The 10Xers studied in the book were constantly probing: experimenting with new products, features, markets, or ventures. But they never fired a cannonball until they were fairly sure of its success. Collins and Hansen call these “calibrated cannonballs,” and they had a much higher probability of success than the “uncalibrated cannonballs” fired by the comparison companies.
It may be exciting to put all your resources into a gamble, but it never leads to long term success. In fact, the “lucky hit of an uncalibrated cannonball can often breed a gambling mentality and ultimately sink the company.”
Be sure you’re firing enough bullets to stay apprised to new opportunities, but don’t fire your cannonballs until you’re fairly certain of the outcome.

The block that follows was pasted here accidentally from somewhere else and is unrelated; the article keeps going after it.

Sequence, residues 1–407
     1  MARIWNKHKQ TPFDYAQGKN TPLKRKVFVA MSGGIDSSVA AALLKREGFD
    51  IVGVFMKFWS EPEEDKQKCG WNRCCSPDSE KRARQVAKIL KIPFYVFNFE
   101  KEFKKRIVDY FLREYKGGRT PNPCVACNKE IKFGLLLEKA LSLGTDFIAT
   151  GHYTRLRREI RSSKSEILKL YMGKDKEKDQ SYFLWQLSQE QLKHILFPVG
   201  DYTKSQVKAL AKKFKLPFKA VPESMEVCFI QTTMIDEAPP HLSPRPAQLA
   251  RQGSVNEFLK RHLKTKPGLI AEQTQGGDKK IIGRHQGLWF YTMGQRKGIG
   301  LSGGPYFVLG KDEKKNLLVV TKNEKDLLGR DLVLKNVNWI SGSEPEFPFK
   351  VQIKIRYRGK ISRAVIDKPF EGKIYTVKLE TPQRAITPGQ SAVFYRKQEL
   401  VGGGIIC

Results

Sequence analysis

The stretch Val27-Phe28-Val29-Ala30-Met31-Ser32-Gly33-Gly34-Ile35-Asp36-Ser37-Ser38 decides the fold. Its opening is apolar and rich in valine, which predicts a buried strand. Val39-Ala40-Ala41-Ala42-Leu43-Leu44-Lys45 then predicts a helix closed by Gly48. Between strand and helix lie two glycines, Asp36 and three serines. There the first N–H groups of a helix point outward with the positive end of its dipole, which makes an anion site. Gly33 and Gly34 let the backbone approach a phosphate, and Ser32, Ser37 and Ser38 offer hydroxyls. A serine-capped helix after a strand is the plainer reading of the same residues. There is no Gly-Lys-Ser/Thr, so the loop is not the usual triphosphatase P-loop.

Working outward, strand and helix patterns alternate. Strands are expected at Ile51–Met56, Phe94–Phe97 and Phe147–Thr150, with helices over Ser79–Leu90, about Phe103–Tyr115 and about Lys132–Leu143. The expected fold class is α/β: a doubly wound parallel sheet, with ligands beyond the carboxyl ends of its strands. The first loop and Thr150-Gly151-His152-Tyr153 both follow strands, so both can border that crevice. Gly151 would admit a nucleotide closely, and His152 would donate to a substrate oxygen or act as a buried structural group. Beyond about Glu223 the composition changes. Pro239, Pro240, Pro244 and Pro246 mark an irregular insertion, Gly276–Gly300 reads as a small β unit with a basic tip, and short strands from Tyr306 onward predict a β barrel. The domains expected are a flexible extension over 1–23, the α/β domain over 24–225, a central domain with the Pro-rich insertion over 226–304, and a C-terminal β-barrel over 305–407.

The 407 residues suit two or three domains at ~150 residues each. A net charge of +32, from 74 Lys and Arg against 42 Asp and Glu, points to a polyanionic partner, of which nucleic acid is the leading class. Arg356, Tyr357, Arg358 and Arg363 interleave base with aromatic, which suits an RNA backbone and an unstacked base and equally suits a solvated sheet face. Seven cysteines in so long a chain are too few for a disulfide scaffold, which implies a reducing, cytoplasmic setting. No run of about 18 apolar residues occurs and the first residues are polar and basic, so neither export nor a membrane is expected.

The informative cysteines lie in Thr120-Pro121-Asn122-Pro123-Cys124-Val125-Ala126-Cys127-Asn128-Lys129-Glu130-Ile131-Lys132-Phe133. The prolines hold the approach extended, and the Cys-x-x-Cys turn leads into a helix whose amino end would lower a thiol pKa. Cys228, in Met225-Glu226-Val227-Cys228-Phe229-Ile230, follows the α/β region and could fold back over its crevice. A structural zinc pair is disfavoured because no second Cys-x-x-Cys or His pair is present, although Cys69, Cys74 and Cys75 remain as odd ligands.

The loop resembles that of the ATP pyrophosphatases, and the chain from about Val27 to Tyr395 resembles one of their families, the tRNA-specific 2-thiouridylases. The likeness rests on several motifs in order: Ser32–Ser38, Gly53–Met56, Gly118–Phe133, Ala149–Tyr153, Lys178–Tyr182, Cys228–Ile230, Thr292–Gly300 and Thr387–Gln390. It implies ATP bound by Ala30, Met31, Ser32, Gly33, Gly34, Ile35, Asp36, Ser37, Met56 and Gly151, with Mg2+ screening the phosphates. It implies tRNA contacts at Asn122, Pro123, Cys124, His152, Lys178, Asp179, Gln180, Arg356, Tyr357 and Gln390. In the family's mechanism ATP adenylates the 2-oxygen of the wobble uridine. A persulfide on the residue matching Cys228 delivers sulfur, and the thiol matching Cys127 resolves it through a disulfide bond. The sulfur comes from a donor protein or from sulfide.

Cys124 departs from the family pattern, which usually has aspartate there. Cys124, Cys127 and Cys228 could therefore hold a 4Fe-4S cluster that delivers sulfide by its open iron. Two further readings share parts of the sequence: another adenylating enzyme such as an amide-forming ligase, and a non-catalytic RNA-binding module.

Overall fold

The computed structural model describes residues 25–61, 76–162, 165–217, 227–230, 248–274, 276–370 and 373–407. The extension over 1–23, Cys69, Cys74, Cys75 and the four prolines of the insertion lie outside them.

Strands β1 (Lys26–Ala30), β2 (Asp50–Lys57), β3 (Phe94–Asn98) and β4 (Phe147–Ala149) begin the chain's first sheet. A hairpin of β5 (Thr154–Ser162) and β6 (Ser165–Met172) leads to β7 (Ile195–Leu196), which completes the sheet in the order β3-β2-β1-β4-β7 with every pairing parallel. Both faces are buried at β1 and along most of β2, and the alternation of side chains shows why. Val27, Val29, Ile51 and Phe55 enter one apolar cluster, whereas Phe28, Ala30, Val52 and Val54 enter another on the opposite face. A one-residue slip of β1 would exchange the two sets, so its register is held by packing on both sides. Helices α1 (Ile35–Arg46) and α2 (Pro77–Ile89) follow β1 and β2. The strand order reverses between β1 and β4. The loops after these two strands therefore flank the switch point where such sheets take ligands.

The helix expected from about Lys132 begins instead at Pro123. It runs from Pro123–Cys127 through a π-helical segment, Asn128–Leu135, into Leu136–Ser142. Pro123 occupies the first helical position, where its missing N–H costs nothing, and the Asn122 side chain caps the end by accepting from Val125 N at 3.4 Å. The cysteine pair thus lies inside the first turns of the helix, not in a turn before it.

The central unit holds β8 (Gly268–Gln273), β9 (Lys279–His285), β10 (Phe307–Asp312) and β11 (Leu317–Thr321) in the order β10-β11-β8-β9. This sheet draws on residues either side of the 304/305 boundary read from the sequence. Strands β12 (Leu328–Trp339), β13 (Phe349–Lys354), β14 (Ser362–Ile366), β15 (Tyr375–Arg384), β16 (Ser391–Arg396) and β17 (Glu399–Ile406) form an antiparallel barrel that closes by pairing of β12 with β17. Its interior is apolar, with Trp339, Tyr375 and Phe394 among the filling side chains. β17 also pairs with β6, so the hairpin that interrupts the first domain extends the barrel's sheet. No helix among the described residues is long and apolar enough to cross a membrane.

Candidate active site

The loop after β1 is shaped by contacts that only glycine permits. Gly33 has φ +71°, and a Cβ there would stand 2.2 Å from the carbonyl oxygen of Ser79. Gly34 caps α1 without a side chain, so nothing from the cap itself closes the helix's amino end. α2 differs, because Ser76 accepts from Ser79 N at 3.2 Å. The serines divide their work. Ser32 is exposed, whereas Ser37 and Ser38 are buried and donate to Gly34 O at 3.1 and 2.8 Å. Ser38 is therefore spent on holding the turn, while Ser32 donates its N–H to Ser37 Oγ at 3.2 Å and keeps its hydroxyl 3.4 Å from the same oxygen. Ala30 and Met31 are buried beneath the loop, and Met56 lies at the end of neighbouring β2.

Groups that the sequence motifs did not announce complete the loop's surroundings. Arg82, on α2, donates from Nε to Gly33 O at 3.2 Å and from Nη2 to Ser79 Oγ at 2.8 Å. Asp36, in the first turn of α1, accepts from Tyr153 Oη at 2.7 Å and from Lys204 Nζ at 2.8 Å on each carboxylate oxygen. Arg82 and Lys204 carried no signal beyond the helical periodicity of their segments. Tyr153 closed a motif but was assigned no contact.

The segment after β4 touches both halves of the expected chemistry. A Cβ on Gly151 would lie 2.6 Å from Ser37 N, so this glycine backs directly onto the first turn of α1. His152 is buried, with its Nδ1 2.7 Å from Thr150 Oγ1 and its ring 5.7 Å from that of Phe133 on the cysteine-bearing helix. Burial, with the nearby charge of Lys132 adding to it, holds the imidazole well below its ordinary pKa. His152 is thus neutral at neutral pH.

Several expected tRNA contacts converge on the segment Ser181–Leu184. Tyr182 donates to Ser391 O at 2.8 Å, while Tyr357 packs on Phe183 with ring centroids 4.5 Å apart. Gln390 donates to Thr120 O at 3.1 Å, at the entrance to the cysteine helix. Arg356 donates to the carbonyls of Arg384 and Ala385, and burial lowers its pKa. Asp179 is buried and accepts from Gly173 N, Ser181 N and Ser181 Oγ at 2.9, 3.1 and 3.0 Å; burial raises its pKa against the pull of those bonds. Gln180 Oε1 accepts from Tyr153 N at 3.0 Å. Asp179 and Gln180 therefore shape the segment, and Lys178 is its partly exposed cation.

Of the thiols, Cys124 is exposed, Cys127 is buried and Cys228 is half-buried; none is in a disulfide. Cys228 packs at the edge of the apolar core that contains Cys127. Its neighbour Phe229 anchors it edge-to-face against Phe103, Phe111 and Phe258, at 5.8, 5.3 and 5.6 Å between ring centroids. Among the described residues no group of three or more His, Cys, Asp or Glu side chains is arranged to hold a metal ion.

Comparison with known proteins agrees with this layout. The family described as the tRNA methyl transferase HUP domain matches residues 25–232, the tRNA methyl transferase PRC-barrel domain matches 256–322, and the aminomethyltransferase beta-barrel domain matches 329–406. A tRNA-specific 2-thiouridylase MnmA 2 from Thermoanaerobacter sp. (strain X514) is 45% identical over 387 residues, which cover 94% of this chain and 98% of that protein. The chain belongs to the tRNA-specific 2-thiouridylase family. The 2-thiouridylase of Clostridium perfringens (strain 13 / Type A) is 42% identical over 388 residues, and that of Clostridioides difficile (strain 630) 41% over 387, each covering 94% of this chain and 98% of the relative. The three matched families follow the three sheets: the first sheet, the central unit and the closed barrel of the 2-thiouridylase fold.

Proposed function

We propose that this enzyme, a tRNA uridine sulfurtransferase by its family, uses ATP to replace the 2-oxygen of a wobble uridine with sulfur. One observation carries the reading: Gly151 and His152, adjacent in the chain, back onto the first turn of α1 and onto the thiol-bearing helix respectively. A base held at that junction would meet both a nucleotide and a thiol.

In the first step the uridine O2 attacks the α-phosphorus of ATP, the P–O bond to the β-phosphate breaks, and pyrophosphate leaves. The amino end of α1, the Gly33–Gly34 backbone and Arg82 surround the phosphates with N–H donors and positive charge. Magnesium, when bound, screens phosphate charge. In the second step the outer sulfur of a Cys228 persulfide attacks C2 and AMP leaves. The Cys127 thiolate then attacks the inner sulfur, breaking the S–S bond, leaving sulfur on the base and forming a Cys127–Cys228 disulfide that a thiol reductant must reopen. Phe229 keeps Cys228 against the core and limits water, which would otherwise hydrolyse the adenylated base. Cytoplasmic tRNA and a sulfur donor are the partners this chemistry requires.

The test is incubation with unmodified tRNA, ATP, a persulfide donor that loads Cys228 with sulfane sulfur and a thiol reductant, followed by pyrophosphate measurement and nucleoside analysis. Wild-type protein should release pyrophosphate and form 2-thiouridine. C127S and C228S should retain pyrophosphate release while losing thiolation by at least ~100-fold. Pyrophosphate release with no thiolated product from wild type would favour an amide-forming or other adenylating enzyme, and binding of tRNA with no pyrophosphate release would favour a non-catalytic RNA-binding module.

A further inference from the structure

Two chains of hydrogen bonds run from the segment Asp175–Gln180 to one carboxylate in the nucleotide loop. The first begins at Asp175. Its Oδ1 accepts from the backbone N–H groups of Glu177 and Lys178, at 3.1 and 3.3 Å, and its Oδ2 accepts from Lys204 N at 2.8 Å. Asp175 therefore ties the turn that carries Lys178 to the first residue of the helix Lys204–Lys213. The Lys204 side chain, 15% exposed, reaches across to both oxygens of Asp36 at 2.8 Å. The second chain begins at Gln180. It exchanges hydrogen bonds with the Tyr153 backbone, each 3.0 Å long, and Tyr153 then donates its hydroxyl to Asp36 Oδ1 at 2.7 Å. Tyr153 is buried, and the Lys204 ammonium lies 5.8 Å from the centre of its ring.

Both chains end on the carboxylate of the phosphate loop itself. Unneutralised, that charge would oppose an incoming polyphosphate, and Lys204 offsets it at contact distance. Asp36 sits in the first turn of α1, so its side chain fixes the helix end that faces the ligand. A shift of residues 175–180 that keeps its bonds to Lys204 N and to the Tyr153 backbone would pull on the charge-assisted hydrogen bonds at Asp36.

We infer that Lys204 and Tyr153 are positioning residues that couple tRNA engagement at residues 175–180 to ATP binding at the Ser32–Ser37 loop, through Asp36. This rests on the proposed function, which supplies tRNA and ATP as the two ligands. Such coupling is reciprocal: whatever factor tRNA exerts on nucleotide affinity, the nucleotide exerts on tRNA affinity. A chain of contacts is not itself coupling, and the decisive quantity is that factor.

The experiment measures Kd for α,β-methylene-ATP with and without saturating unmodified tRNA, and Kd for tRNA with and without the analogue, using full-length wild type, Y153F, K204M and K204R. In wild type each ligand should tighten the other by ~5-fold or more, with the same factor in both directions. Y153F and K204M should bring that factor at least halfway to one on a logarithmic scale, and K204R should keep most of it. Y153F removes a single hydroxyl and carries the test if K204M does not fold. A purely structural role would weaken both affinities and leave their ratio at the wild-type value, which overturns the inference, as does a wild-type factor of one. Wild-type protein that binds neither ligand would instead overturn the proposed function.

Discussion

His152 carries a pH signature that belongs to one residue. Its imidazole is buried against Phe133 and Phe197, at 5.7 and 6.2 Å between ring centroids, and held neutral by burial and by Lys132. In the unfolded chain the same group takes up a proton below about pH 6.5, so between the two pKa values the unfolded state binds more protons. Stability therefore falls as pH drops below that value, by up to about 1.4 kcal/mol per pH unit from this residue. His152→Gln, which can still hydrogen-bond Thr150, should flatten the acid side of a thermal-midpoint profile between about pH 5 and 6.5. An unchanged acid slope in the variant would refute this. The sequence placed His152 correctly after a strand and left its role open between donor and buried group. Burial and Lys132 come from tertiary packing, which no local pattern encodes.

I was a big fan of Good to Great and, if anything, Jim Collins’ writing has only gotten better with time. I think what I love most about his books is the empirical data interwoven with great stories of human accomplishment. For me, Great By Choice was an uplifting reminder of the strength of human spirit and the rewards that come to those who are diligent, focused, curious, and passionate. Like Collins’ other books, Great by Choice is as applicable for individuals as it is for corporations, truly transcending the world of Wall Street. After all, in Jim’s own words: “Greatness is not just a business quest; it’s a human quest.”